Reason #164 why pachinko sucks.

One of the most beloved manga series in much of the world is Captain Tsubasa, the epic story of one boy’s rise from the elementary school soccer team to professional glory. Its themes of sportsmanship, teamwork, and the occasional superhuman move are as universal and wholesome as they come.

Captain Tsubasa‘s most famous line, “The ball is my friend,” is meant to show the character’s unyielding commitment to his sport developed at the tender age of one, when his soccer ball saved his life.

One famous story often associated with the manga was during the war in Iraq, when Japan’s Self Defense Forces used Tsubasa’s image to deliver water supplies to people because it conveyed an image of “Japan” and “peace” that transcends language.

I mention these things to show how highly regarded this series is and why people might be so upset at this ad for a pachinko machine that Twitter user KOU (@KOU02342239) recently came across.

The ad shows Tsubasa alongside a pachinko machine decorated in the manga’s style. The caption down the middle chillingly reads, “This time, the PACHINKO is my friend!”

While Captain Tsubasa in many ways represents the best of Japan, pachinko tends to typify the worst. Although the games themselves aren’t found as much in other countries, most people have probably encountered a basic version of it as an infant.

I assume it was as an infant, because it usually doesn’t take long to realize the game is rather dumb and involves about as much skill as popping bubble wrap. However, Japanese pachiko would be like if the bubble wrap was all slicked out with videos and music, and popped in the most noxious environment possible with billows of smoke and a blaring cacophony of conflicting lights and sounds all bouncing off the walls of the windowless pachinko parlors.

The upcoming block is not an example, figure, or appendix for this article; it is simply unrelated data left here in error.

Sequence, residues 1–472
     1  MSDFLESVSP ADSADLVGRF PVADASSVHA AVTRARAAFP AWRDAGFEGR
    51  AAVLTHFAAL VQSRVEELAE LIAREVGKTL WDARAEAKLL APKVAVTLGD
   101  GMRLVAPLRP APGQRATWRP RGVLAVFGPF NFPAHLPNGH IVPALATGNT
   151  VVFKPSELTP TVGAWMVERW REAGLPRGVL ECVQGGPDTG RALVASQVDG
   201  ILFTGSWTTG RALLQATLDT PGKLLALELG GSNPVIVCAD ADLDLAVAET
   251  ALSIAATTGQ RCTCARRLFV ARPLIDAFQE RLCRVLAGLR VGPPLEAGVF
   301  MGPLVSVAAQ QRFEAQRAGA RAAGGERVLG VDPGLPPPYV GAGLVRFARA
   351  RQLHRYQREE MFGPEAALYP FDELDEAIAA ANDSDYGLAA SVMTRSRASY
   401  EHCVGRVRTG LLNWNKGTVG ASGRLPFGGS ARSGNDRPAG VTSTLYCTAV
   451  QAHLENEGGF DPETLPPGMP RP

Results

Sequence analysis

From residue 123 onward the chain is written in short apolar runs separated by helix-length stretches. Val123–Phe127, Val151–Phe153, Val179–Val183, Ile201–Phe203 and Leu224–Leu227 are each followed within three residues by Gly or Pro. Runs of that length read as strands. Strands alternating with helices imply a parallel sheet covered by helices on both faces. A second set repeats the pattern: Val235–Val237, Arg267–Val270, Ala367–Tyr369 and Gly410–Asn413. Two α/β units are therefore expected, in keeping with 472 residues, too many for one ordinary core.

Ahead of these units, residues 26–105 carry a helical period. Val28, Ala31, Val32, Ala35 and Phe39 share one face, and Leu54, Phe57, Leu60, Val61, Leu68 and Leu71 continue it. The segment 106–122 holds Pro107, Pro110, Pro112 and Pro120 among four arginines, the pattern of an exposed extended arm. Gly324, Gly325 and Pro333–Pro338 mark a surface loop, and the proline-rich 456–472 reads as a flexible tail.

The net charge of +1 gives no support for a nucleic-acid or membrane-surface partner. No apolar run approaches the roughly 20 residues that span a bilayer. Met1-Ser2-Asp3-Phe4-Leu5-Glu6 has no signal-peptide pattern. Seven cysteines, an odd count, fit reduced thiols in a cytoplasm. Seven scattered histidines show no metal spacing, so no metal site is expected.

While that all sounds dreamy by itself, the real appeal of pachinko for adults is that at the end of the day you can win money from it. Despite Japan’s ban on gambling, players who are successful are rewarded with little silver balls, and they can exchange said balls for money in a sort of legal way. It’s all quite shady and a really great way for organizations like the yakuza and North Korea to launder money…not saying they actually do that, but it would be a great way were they so inclined.

▼ Giving the phrase “the ball is my friend,” a whole new sleazy meaning

So you can see how this all flies in the face of the themes of fair-play, fresh air, and exercise inherent to Captain Tsubasa. Netizens in Japan reacted to this poor attempt to cash in on their youths the best way they could, by mocking it.

▼ Caption altered to read, “The cock is my friend.”

▼ “Tsubasa: ‘I brought along my friends!'”

At this point it should be needless to say that pachinko is the antithesis to everything Captain Tsubasa stood for. The real kicker though, as many people noticed, is that the advertiser used a picture of the school-era Tsubasa which would suggest it is endorsing pachinko to be the “friends” of students – a friendship which is in clear violation of Japanese gaming laws.

Others also noted that this image is actually a few years old, meaning that the Captain Tsubasa pachinko machine has already been out for some time. It’s hardly shocking, despite its inappropriateness, as pachinko has shamelessly co-opted just about every notable franchise that would appeal to middle-aged Japanese people from Rocky to Metal Gear.

However, recent moves towards opening casinos in Japan may spell the end of this industry and we’d be better off for it – not just because pachinko is exploitative and addictive, but mainly because it’s incredibly lame and obnoxious.

Source, featured image: Twitter/@KOU02342239